Joe Nocera, inspired by a new book by Tim Noah on income inequality, decides maybe unions aren't such a terrible thing after all.
Union representation of workers has steadily declined to about 12 percent of the workforce (though with an even punier representation in Arkansas, the "union bosses" remain a sure applause line for wingnut Arkansas Republicans.)
“Draw one line on a graph charting the decline in union membership, then superimpose a second line charting the decline in middle-class income share,” writes Noah, “and you will find that the two lines are nearly identical.” Richard Freeman, a Harvard economist, has estimated that the decline of unions explains about 20 percent of the income gap.
This makes perfect sense, of course. Company managements don’t pay workers any more than they have to — look, for instance, at Walmart, one of the most virulently antiunion companies in the country. In their heyday, unions represented a countervailing force that could extract money for its workers that helped keep them in the middle class. Noah notes that a JPMorgan economist calculated that the majority of increased corporate profits between 2000 and 2007 were the result of “reductions in wages and benefits.”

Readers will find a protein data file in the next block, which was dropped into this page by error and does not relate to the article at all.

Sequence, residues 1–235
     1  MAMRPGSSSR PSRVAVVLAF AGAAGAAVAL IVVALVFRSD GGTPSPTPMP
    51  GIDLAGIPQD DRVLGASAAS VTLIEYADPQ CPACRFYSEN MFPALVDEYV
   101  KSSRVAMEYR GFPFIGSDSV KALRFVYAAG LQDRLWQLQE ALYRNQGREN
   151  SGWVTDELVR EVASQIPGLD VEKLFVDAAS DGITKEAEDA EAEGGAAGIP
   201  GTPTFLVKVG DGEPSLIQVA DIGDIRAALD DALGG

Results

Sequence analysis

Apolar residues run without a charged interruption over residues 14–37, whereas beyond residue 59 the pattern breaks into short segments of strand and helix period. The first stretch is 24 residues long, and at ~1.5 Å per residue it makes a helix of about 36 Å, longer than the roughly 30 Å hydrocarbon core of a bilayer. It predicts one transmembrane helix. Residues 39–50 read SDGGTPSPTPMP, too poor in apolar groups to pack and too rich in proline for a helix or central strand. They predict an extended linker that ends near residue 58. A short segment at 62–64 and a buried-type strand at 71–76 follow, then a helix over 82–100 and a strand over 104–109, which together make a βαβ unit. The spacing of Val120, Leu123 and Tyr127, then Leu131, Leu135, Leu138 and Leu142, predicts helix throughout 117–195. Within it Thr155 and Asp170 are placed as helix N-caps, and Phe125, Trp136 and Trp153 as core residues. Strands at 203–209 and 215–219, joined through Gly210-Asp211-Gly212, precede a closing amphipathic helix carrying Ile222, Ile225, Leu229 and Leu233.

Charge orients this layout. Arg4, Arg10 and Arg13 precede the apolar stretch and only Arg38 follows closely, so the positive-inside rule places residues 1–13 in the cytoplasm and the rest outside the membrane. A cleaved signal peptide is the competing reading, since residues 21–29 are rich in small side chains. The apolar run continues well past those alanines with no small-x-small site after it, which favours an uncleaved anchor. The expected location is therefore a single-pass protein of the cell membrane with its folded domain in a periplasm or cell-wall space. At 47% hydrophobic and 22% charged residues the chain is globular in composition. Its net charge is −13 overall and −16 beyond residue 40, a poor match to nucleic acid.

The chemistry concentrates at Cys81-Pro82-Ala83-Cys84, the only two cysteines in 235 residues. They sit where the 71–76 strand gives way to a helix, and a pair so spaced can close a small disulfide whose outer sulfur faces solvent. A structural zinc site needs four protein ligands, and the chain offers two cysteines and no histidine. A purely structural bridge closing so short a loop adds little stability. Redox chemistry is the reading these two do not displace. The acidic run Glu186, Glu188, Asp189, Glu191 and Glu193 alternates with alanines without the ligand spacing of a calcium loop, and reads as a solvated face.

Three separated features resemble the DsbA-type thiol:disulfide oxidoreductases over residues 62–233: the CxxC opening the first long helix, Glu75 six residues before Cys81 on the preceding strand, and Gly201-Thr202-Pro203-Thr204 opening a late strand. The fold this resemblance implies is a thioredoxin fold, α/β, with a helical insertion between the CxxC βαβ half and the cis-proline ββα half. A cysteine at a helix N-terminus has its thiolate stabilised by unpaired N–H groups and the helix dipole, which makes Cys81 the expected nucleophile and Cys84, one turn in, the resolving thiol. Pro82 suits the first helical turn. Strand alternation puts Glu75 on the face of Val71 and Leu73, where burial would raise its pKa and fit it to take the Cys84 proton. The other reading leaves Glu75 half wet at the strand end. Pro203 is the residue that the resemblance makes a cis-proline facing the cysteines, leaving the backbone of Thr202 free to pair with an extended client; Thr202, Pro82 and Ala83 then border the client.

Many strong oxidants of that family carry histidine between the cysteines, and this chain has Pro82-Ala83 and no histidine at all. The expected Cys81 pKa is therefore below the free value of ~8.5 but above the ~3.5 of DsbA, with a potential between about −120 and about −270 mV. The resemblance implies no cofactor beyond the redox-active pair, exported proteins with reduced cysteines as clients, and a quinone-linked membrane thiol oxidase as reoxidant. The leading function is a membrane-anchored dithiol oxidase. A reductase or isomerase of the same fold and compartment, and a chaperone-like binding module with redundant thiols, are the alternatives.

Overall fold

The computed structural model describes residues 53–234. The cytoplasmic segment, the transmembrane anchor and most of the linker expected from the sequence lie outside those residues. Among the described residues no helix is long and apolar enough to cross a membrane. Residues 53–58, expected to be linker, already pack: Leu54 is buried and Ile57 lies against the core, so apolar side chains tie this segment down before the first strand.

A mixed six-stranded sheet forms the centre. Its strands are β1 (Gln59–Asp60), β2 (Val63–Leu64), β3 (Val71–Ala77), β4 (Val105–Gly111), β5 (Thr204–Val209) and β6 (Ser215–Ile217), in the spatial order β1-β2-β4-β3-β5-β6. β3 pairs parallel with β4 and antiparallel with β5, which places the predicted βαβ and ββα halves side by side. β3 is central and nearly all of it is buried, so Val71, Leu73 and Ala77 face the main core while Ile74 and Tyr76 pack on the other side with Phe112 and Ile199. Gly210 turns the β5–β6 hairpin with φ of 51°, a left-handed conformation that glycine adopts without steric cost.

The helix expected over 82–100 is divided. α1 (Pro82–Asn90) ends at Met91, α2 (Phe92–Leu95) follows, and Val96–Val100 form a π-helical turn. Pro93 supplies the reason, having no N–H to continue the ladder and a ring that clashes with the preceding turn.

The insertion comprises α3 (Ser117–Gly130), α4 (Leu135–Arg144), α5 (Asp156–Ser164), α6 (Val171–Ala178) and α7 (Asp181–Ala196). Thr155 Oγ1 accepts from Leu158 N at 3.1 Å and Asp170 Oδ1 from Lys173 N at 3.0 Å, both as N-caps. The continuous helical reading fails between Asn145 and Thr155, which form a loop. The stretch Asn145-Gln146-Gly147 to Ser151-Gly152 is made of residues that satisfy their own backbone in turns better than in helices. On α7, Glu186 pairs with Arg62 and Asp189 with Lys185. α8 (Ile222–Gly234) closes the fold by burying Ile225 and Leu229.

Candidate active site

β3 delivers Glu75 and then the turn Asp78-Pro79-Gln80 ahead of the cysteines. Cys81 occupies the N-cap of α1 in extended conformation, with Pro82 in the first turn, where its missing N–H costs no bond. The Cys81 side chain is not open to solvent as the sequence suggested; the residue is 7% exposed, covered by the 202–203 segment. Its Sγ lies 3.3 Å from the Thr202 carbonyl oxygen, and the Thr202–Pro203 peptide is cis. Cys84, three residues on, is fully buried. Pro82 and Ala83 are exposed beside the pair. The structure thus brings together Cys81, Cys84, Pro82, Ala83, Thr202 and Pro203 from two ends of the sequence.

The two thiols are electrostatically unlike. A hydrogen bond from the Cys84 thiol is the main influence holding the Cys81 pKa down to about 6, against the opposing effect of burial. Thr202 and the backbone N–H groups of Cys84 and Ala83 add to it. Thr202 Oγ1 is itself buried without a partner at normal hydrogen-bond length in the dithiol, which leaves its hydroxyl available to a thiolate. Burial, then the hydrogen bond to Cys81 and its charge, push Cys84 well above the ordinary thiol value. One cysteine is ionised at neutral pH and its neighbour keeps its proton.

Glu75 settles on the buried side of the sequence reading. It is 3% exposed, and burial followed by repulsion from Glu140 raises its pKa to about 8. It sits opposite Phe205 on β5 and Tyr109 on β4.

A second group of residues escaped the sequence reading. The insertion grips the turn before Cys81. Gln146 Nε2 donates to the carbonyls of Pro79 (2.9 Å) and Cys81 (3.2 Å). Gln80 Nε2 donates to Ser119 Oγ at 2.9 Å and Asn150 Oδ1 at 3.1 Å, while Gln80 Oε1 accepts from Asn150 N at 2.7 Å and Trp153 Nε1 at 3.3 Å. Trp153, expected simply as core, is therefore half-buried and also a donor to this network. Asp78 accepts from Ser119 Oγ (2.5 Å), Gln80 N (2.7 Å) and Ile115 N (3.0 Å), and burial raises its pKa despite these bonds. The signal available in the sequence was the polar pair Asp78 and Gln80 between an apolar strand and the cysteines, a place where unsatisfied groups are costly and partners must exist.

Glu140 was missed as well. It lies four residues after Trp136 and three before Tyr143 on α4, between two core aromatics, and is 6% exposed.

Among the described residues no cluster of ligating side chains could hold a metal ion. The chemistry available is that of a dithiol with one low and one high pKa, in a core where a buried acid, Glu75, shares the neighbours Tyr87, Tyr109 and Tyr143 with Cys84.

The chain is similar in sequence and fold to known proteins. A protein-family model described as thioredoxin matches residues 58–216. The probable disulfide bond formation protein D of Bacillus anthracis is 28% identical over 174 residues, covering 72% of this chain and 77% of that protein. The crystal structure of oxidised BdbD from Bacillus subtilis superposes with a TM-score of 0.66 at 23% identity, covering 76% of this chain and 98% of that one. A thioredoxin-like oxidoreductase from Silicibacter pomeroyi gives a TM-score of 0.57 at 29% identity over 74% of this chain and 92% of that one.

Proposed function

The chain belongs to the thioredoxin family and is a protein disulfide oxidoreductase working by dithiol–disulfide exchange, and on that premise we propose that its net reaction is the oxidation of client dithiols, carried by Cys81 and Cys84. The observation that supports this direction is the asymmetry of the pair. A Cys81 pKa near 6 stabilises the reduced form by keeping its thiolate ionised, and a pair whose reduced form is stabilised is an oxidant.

Where'd the lost wages go? You know the answer to that one. Fatter-than-ever executive paychecks.
Nocera thinks liberals need to rethink joining labor's side. Some liberals — with a choice between labor and multi-millionaire executives of poorly run corporations intent on damaging political agendas — never left.
PS — Gene Jeffress, 4th District Democratic congressional candidate, sent out a photo today of his visit to the International Brotherhood of Electrical Workers hall to pick up a contribution.